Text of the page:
Somalia is a sad place and one of the saddest tragedies ever is being played out where pirates in the north are holding 40 sailors and several ramshackle ships that no one will pay a ransom for.
These are seagoing fishing boats and small freighters owned by small operators with no insurance to cover ransoms and not enough cash, or inclination, to pay what the pirates demand. The negotiators (who work for the pirates) have explained all this to the pirate chiefs, who are facing hard times themselves and stubbornly refuse to face the fact that they will never get anything for these 40 sailors and their ramshackle ships (one of which recently sank at anchor). Just killing the remaining prisoners (some held for three years) and sinking the ships risks retribution from the anti-piracy patrol off shore. Countries the prisoners are from have been pressured to pay ransom, but all of them adhere to the ‚Äúno negotiating with terrorists‚Äù code. There is growing pressure on the pirates to simply release the unwanted prisoners on ‚Äúhumanitarian grounds‚Äù and at least get some good press out of this mess. That‚Äôs a bitter solution for the pirates, who have not captured a ship that could be ransomed in over a year. Several pirate gangs have disbanded and those still around have shrunk and cut the payroll considerably.
The big time piracy is largely out of business because warship patrols and better security aboard large ships passing Somalia has made it nearly impossible to seize these vessels. Holding ships for ransom only worked initially because Somalia, a state without a government since 1991, provided small ports on the coast of East Africa where pirates could bring the merchant ships they had captured, and keep them there, safe from rescue attempts, until a ransom could be negotiated.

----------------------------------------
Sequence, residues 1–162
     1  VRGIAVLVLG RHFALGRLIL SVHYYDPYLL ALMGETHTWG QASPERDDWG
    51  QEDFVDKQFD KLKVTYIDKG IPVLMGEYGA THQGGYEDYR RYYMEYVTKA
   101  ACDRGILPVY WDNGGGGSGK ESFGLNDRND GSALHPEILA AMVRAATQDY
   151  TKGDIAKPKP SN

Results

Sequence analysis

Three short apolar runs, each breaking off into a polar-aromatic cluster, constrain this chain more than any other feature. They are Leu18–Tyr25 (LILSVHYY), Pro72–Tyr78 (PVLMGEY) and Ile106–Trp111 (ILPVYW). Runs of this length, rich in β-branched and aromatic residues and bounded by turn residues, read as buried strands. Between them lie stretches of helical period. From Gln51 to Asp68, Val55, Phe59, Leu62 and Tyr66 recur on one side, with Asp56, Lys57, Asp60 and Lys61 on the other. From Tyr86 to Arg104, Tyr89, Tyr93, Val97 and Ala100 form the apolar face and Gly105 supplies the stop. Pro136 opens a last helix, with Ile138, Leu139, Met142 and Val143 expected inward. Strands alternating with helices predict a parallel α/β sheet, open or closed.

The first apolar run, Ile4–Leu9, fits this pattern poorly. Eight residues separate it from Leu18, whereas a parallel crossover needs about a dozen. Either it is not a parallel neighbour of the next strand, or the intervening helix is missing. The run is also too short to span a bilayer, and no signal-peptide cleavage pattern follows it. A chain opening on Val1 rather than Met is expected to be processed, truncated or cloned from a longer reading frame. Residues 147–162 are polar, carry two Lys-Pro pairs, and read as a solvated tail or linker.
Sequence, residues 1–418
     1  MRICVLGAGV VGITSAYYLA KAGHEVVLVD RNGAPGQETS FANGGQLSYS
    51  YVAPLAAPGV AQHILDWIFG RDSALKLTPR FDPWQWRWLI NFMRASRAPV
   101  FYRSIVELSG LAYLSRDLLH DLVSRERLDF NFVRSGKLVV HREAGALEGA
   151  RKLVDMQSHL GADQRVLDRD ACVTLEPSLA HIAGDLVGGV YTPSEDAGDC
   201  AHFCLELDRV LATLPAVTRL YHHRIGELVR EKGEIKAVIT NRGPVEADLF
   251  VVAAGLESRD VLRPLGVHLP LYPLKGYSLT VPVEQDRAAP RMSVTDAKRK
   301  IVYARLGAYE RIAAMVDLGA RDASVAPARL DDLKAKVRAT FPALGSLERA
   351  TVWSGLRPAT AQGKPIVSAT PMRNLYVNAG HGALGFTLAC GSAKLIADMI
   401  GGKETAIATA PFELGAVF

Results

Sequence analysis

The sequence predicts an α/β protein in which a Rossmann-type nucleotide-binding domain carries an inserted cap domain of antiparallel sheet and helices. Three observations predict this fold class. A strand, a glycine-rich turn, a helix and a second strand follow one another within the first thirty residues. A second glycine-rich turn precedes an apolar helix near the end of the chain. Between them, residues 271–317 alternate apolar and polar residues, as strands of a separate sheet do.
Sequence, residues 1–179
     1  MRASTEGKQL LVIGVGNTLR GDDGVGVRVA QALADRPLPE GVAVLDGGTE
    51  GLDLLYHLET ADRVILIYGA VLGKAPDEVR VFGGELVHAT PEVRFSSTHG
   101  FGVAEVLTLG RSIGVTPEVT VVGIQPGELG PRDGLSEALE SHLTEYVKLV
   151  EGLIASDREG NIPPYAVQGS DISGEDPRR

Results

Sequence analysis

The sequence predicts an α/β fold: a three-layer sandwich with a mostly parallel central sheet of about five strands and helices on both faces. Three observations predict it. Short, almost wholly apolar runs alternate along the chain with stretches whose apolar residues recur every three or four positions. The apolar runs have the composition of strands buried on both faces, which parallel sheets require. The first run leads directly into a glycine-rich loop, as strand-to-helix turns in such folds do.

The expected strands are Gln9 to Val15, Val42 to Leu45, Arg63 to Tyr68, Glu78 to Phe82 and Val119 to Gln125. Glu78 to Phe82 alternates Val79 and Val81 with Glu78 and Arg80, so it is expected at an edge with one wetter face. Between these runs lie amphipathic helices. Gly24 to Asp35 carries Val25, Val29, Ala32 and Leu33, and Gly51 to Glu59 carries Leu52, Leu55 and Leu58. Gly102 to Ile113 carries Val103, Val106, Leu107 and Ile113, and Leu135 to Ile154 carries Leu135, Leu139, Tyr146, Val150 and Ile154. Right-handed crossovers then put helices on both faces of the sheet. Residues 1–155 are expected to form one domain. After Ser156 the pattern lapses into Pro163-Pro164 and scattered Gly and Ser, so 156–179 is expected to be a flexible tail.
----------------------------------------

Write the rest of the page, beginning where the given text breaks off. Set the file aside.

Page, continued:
Off West Africa, pirates have come up with another angle. These pirates, believed to be only a few well-organized gangs, target small oil tankers operating in the Gulf of Guinea (where Nigeria and its neighbors have oil fields). The pirates quickly board and seize control of a tanker at night. The crew is locked up in an internal space and the tracking devices are disabled. Then the tanker is taken to rendezvous with another tanker, which takes the oil from the hijacked tanker, along with the pirates and their other loot and makes for a port where oil brokers willing to buy stolen oil (at a steep discount) take the pirated cargo, pay the pirates, and perhaps tip the pirates off on another small tanker that could be hit. The pirates have since expanded this technique to include freighters carrying portable, high-value items (consumer electronics, for example) that can be transferred at sea before daybreak and the coast guard arrive.